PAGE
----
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An endogenous profit rate cycle

Freeman, Alan (1997): An endogenous profit rate cycle.

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Endogenous business cycles can be generated using second-order linear equation systems. A generally accepted criticism of linear models is that only one value of the control parameter produces self-sustaining stable cycles. The problem therefore remains of accounting for the most salient observed features of a market economy, namely the persistence of business cycles and the lack of a stable equilibrium.

Models developed by Goodwin and his co-workers established that persistent cycles arise only if there are nonlinear terms in the equations of motion. But in most such models, the rate of profit as a determinant of investment behaviour has been either incidental or absent, and attention is focussed either on the interaction between investment and consumption or output, or on the interaction between employment and wage levels.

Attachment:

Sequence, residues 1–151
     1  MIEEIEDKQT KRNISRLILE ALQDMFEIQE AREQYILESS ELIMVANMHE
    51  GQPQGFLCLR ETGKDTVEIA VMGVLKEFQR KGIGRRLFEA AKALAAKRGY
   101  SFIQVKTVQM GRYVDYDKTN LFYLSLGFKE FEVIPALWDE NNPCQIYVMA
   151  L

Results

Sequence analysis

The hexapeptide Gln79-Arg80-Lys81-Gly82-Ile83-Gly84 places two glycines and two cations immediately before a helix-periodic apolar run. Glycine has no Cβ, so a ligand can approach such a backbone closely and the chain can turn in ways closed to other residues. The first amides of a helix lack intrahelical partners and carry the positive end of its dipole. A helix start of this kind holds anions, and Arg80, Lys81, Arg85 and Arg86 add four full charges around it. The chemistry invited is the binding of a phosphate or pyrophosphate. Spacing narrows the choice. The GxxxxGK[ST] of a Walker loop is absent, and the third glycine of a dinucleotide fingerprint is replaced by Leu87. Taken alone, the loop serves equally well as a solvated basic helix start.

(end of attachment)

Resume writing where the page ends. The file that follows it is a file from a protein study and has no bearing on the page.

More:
Neither neoclassical nor Marxist thinkers have constructed formal models in which the rate of profit itself exercises the predominant influence on investment behaviour, notwithstanding the importance of the rate of profit assumes in Marxist and classical theory, nor the significant empirical evidence of profit rate variations during the course of the cycle.

I devised this equation system to test whether stable cycles could be generated purely on the basis of changes in the rate of profit. The system therefore abstracts from all variations of investment behaviour which might be influenced or determined by changes in the labour market, the price level or by variations in quantities consumed or produced. For this reason S, the share of the money surplus available either for investment or private capitalist consumption, is held constant and only capital stock and investment may vary; investment itself is affected only by the rate of profit.

The model generates stable persistent cycles for all values of the input parameters. Hence, it cannot be assumed without further investigation that either Goodwin models (based on interaction between wage and employment) or multiplier-accelerator models (based on interaction between investment and consumption or output) exhaust the range of possible causal explanations of the business cycle.

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